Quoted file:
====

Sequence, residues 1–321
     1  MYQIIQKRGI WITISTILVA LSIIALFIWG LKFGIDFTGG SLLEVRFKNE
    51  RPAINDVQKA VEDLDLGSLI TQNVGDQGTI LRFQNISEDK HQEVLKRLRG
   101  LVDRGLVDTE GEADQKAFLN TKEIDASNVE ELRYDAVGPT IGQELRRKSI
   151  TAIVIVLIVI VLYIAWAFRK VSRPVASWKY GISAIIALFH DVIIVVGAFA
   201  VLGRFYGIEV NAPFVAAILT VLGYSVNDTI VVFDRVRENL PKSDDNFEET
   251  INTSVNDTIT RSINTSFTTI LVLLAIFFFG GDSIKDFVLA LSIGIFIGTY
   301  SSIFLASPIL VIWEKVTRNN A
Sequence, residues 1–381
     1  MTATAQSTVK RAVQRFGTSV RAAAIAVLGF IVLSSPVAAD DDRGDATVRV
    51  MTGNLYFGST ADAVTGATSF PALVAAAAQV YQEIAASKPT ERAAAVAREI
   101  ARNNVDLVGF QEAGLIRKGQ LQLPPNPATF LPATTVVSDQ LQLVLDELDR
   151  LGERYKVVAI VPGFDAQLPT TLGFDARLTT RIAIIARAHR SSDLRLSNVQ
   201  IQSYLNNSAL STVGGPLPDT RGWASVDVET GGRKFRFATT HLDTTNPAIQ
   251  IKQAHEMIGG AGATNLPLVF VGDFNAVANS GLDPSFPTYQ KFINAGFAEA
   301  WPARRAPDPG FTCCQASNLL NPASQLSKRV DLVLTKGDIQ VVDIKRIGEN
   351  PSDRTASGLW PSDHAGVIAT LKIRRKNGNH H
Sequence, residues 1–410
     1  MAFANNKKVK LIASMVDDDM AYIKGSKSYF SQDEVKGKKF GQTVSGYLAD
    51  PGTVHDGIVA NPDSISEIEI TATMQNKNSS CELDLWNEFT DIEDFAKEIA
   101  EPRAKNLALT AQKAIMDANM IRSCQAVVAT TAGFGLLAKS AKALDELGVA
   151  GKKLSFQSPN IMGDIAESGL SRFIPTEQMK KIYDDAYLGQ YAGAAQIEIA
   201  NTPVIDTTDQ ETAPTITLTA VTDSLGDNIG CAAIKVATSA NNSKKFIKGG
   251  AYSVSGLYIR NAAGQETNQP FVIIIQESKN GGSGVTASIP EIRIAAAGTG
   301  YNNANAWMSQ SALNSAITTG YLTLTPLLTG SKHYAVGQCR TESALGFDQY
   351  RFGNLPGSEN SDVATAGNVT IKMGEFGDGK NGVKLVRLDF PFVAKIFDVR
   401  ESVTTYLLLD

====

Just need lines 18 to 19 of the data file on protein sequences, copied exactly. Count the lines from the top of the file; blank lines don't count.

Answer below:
Sequence, residues 1–410
     1  MAFANNKKVK LIASMVDDDM AYIKGSKSYF SQDEVKGKKF GQTVSGYLAD